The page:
Once the actual door has been removed, you’re left with the task of unscrewing the guide rail and pivots. That done, you should be looking at an empty frame that’s ready to accept your new door. If your new door is larger or smaller than the frame can accommodate, then you’ll need to also strip that away in preparation for a replacement. That’s a more complicated job, however, and one that’s beyond the scope of this guide.

How to Hang Internal Bifold Doors

Now that we’ve cleared a space, we’re ready to hang the doors themselves. Given the complexity of a bifold door, this might appear slightly confusing at first. To simplify the process, first assemble the required tools and lay them out. You don’t want to have to whizz down to your local DIY shop midway through the installation.

You’ll need all of the parts listed on the contents pack that came with the door. These typically include screws, tracks, pivots and hinges. You’ll also need:

  • A mallet
  • A cross-head screwdriver
  • A drill with both 2mm and 5mm heads
  • A measuring tape
  • A pencil

Step 1

First, we’ll need to measure where our top track is going to go. This should be around 19mm from the front of the door frame. Mark this at various points with a pencil. The position of the track will determine the direction in which the door folds, so make sure you’ve worked this out before you make any permanent changes. Place the guide rail in the gap and mark with pencil where the holes are.

Step 2

Create pilot holes where you’ve just marked using the pencil. You should then use the 15mm screws that came with your door to secure the track to the top of the frame.

Step 3

Now it’s time to measure for your pivot bracket, which can either be installed into the floor itself, or into the door frame. In the latter case, your bracket is a metal L-shaped device that should be installed exactly 1980mm beneath the top of the door, and 19mm from the front. For precision, you might want to get hold of a plumb bob that’ll show you exactly where 1980mm straight down from the top is.

Step 4

You’re now going to slot the pivots into the pre-drilled holes at the top of the door. Do this loosely at first to ensure that they fit, before using a mallet to permanently fix them into position.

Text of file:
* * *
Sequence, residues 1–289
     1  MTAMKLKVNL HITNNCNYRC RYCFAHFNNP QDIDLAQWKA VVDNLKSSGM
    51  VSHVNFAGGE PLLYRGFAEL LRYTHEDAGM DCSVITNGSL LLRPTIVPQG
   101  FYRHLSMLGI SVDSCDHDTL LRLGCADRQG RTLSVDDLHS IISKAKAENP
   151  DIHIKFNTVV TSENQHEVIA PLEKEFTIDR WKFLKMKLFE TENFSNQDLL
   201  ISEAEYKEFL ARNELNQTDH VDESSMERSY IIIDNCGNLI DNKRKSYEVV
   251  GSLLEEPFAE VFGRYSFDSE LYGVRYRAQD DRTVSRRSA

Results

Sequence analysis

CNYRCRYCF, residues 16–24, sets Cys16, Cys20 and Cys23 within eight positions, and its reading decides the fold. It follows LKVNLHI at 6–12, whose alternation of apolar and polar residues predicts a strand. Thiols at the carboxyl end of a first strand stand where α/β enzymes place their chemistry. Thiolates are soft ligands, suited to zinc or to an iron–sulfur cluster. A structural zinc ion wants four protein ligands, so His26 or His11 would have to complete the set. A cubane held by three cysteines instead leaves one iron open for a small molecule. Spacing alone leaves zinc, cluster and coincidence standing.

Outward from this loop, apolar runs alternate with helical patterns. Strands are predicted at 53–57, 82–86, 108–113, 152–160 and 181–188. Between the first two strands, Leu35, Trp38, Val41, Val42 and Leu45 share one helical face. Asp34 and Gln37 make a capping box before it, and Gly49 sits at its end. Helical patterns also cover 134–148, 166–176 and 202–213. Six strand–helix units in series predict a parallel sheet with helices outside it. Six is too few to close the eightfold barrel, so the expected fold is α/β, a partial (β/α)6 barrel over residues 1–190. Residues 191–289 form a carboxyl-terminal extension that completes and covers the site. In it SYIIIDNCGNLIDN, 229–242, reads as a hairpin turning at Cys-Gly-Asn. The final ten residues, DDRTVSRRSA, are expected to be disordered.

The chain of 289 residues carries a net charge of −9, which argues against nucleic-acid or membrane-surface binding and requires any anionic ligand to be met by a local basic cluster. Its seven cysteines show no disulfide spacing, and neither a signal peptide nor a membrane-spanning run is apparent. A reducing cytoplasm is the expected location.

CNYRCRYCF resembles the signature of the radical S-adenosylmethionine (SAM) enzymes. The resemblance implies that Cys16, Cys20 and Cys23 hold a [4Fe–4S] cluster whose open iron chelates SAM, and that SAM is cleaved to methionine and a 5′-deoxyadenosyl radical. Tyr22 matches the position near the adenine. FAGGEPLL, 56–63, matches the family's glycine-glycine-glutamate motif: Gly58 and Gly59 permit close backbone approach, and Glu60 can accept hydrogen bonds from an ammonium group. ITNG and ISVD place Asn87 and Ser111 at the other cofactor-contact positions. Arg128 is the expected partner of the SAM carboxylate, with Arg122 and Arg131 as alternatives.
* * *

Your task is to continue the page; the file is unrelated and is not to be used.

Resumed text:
Step 5

The top metal track may contain several carriages, one of which is secured into position by a small screw. Loosen this and you’ll be able to move the carriage along the track. This carriage is designed to remain in the top corner of the door, in line with the pivot bracket at the bottom.

Insert the relevant pins into the carriages, so that the entire door is able to freely slide backwards and forwards. Note that some smaller folding doors might make use of plastic rollers rather than proper sliding carriages.

Step 6

Insert the bottom pivot into the bracket you’ve installed. You can then screw the top carriage into position, manoeuvring the panel out of the way in order to access the screw. Once the door is assembled, you’ll be able to reposition it by either adjusting this screw, or with the help of the pivot bracket at the bottom of the door.

Bifold Door Installation Tips: Dealing with Different Flooring Types

Bifold doors can be easily installed onto a range of different floor types. Each presents their own unique challenges, however, which are worth bearing in mind.

Installing Internal Bifold Doors On Carpet

A thick carpet might inhibit your door’s ability to open and close. If there isn’t enough clearance around the bottom for the door to hover above the fibres, you’ll have problems further down the line.

Installing Internal Bifold Doors On Laminate and Tiled flooring

If you’re installing a floor-mounted track, then you may need to drill holes into your laminate flooring. You can minimise the damage that results from this by covering the floor in masking tape and using two holes: one of which will go all the way into the subfloor.

Alternatively, you might find yourself an L-shaped bracket that secures to the frame of the door rather than the bottom. This is a solution that also saves you the trouble of drilling into a tiled floor.


As complicated as a bifold might appear at first glance, there’s no reason that you can’t get yours into position yourself and save a great deal of money in the process. When installing, it’s important to study the instructions that came with your door and to check you have the necessary components to hand before you begin. Measure your door carefully before proceeding, and you’ll save yourself considerable hassle in the long-run.